In this second holiday podcast, the London theatre bloggers discuss pantomimes at Hackney Empire, Theatre Royal Stratford East and New Wimbledon Theatre, as well as West End comedy Peter Pan Goes Wrong and No Villain at the Old Red Lion.
There have been many interpretations of J M Barrie’s Peter Pan story but this musical version by George Stiles & Anthony Drewe, with book by Willis Hall, deserves a place of note. The tale of the boy who doesn’t want to grow up and the three young Darling children of Bloomsbury he takes on an adventure to Neverland, has a charm which beguiles children and adults alike.
I’m passionate about new writing and love to be involved with supporting new projects. Paradise Lost was a Kickstarter project last year. It’s an epic new musical which is a collaboration between Lee Ormsby and Jonathan Wakeham. I wanted to find out more about Lee and the Paradise lost concept. So what follows is in Lee’s own words (unedited) the answers to questions I posed to him. I hope you enjoy it as much as Lee and I have writing and reading it.
Across the eight days and nights between last Sunday and tonight, I’ll have seen 11 shows, and (excepting tonight which I’ve not seen yet and one of which was a critics’ preview and I’m therefore not in a position to comment publicly on yet), I’ve loved eight out of the nine. That’s an incredible strike record for one week, and one of those runs of great shows that you only dream of. It helps, of course, that I was playing catch up on six of them, so I was in (comparatively) safer hands than going blind to yet-to-be reviewed shows. But there’s also a fear that a show won’t live up to the good reviews youv’e already read and absorbed.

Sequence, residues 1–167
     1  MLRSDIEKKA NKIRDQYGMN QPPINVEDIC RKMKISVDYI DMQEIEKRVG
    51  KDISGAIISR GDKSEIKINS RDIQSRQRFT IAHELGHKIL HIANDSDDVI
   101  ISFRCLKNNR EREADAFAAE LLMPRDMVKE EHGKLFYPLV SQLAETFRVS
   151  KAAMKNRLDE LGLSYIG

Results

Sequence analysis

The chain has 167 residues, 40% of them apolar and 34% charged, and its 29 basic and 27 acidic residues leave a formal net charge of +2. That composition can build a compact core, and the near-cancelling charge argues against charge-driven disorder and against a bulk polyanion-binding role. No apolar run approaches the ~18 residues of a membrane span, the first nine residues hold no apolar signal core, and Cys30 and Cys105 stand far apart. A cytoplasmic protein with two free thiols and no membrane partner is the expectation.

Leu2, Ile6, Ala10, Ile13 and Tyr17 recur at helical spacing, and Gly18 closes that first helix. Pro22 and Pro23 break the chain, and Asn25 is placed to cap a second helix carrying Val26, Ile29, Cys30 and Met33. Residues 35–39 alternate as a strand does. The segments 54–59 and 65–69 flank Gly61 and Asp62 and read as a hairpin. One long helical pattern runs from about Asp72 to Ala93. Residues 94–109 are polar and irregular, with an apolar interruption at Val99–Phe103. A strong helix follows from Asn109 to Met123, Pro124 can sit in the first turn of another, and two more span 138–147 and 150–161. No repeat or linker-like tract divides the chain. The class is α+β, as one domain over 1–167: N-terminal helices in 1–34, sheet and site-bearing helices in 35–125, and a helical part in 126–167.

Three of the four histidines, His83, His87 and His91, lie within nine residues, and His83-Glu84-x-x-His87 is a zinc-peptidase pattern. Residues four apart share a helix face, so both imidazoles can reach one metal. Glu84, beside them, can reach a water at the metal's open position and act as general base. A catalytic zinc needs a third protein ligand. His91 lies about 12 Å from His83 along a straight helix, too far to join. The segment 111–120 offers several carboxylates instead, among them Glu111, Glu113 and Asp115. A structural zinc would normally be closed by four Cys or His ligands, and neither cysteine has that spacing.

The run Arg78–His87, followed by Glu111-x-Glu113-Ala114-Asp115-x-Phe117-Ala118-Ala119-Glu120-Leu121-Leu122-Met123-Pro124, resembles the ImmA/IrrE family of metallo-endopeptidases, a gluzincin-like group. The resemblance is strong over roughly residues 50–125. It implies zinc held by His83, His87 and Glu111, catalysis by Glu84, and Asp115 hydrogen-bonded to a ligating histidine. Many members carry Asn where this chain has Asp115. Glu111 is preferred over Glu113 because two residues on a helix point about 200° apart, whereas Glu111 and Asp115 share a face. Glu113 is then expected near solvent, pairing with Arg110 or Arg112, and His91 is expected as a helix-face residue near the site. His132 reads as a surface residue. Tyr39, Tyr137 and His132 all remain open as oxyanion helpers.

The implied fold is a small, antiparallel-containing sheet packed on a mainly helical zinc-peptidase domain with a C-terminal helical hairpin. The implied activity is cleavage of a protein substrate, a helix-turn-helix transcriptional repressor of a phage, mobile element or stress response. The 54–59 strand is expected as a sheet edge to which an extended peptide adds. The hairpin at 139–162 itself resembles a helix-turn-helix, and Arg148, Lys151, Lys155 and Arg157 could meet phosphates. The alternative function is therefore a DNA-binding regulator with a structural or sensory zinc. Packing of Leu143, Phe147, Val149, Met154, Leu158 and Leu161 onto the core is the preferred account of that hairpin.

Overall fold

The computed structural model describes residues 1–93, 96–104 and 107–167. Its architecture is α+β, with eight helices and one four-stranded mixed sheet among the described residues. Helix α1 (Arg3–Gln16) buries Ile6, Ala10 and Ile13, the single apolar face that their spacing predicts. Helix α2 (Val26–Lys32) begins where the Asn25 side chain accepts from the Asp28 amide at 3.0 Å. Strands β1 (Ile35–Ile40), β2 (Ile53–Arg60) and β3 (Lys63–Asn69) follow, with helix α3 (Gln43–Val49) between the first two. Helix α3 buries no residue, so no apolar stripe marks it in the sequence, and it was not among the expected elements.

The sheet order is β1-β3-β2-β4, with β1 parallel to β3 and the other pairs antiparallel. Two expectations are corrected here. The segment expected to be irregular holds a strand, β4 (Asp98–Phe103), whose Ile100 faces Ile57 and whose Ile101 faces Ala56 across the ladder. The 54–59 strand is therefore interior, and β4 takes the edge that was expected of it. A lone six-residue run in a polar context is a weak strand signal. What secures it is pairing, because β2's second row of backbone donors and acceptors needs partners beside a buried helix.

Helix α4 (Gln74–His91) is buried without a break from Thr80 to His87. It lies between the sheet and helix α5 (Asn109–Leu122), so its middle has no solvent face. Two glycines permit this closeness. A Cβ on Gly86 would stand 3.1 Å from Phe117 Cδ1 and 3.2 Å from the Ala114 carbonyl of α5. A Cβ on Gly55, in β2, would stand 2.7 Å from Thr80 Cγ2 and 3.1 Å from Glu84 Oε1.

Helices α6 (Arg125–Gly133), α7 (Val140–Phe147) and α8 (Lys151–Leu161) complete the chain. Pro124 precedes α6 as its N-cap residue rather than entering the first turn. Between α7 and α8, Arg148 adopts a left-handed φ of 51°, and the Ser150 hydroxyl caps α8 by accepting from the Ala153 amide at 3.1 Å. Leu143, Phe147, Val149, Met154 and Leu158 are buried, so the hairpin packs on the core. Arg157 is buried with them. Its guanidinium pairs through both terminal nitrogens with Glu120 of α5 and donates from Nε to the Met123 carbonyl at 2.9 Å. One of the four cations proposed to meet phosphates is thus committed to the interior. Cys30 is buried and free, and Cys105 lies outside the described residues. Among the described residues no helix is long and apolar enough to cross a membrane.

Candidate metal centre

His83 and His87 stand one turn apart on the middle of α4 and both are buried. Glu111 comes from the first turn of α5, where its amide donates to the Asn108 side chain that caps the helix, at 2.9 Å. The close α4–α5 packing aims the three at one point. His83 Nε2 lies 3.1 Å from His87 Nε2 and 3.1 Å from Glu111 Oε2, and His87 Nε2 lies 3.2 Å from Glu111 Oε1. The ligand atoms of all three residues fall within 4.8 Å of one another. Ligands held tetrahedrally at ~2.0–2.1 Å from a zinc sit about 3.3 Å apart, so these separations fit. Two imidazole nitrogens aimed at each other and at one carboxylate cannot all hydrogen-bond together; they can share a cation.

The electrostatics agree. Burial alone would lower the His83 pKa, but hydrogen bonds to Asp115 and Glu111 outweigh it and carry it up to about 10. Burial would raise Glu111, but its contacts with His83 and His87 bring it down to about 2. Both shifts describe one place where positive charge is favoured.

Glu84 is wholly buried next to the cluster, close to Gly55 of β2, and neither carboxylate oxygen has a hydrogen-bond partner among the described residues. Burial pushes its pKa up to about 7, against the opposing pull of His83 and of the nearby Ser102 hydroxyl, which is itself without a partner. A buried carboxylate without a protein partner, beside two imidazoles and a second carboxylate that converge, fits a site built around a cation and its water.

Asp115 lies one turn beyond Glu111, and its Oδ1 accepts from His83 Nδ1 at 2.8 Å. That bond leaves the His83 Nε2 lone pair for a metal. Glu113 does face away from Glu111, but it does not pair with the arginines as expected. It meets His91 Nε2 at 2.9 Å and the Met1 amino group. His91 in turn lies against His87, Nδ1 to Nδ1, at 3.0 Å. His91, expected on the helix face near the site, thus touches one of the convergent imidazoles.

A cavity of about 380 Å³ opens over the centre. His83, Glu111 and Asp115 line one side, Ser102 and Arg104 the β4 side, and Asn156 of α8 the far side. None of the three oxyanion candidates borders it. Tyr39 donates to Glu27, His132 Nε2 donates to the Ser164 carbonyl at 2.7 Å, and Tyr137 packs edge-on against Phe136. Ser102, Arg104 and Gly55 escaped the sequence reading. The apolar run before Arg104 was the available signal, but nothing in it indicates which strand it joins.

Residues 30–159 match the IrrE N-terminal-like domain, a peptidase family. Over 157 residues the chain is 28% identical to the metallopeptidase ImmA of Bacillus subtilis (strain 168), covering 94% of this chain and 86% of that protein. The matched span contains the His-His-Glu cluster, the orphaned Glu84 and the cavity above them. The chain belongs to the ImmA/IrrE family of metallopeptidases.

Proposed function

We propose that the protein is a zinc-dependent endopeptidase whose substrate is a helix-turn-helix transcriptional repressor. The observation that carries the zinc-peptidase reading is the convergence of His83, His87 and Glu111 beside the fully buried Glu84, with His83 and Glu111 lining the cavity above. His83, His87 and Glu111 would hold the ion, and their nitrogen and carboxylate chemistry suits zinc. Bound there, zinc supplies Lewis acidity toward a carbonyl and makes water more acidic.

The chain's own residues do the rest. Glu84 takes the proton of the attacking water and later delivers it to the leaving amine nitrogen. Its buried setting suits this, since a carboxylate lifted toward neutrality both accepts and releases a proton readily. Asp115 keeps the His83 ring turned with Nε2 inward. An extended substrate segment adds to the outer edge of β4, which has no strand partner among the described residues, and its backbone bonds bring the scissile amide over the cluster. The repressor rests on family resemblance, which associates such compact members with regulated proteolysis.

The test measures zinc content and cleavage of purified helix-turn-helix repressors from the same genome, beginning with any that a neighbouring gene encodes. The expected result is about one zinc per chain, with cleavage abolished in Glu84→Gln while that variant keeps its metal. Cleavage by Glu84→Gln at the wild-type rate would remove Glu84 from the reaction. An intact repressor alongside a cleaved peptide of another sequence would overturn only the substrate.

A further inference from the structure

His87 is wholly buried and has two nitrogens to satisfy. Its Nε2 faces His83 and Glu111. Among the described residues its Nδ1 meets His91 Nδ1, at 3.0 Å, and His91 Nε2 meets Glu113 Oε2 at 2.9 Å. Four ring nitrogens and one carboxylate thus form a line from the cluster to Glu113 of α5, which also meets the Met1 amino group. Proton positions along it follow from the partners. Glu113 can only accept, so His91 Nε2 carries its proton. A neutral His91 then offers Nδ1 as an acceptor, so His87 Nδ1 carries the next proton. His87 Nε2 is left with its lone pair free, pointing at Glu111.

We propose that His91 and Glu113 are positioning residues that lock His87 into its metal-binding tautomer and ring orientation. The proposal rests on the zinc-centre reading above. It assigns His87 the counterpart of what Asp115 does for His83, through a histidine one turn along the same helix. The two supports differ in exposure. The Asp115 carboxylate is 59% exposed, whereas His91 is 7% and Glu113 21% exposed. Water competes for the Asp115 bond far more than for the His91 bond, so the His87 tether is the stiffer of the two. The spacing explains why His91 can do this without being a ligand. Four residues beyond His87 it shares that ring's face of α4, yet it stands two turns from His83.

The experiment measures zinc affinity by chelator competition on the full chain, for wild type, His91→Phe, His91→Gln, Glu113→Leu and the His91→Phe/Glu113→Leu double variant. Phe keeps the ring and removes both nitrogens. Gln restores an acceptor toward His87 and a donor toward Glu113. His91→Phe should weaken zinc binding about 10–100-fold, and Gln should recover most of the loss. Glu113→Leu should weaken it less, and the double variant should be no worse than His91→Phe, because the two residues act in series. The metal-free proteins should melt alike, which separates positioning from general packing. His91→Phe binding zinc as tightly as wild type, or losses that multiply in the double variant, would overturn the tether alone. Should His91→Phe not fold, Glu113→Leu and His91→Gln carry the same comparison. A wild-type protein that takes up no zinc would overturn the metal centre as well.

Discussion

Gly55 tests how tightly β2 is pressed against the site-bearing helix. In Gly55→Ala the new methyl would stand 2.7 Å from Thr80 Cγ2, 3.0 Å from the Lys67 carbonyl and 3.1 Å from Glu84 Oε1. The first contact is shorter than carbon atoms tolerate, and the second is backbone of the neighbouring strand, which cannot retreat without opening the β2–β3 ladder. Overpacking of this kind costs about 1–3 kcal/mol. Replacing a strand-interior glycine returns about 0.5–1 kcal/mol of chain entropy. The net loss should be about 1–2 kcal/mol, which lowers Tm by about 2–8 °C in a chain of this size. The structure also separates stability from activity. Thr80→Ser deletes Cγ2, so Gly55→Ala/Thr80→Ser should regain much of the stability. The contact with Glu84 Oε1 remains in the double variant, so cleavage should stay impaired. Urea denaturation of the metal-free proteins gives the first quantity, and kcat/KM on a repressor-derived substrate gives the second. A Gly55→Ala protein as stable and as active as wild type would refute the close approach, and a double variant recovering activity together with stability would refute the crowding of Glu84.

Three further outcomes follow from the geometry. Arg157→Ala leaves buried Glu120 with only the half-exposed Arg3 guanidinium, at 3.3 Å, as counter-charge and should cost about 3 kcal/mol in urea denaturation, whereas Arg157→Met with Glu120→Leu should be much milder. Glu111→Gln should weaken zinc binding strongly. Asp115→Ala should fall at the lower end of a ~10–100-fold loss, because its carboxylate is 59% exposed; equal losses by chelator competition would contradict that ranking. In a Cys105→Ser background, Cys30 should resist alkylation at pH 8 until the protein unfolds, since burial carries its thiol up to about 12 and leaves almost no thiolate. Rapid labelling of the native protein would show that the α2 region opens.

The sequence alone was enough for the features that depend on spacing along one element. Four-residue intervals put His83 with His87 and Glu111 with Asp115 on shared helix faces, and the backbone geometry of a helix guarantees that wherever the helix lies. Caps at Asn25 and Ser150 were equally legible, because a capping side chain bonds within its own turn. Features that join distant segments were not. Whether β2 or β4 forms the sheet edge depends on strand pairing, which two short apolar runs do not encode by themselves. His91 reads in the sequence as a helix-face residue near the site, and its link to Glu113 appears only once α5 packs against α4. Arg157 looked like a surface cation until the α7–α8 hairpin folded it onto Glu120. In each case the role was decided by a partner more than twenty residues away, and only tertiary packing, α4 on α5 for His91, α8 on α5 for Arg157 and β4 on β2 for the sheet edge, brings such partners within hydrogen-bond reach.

In my other blog today, I wrote about the “fact” that JM Barrie wrote Peter Pan as a metaphor for World War One. This was a little bit of a fib (explained fully here), but I thought I’d make up for my momentary dishonesty by sharing a few actual, real, honest-to-goodness surprising facts about Barrie’s 1904 classic.
did you know that JM Barrie wrote Peter Pan as a metaphor for the “war to end all wars”? Of course, you did. It’s obvious: the Lost Boys are the “lost generation” of the conflict, the mothers who leave their windows open for boys who will never come home are the grieving parents of the war dead, the fairy dust is the deadly mustard gas that allowed young soldiers to fly away from the battlefield and to the heaven of Never Land….
AN AWFULLY BIG ADVENTURE We’re in a World War I field hospital with iron beds and the corrugated-iron, battered detritus of trench warfare below. But young men will always leap and lark like the boys they were not long before. … Continue reading →
If you’re the kind of sentimental old purist who remembers Mary Martin in the title role, and the words “second star to the right and straight on till morning” still bring a lump to your throat – this is not the Pan for you. This is a modern, popular-culture-on-steroids, musically throbbing show and light years’ […]
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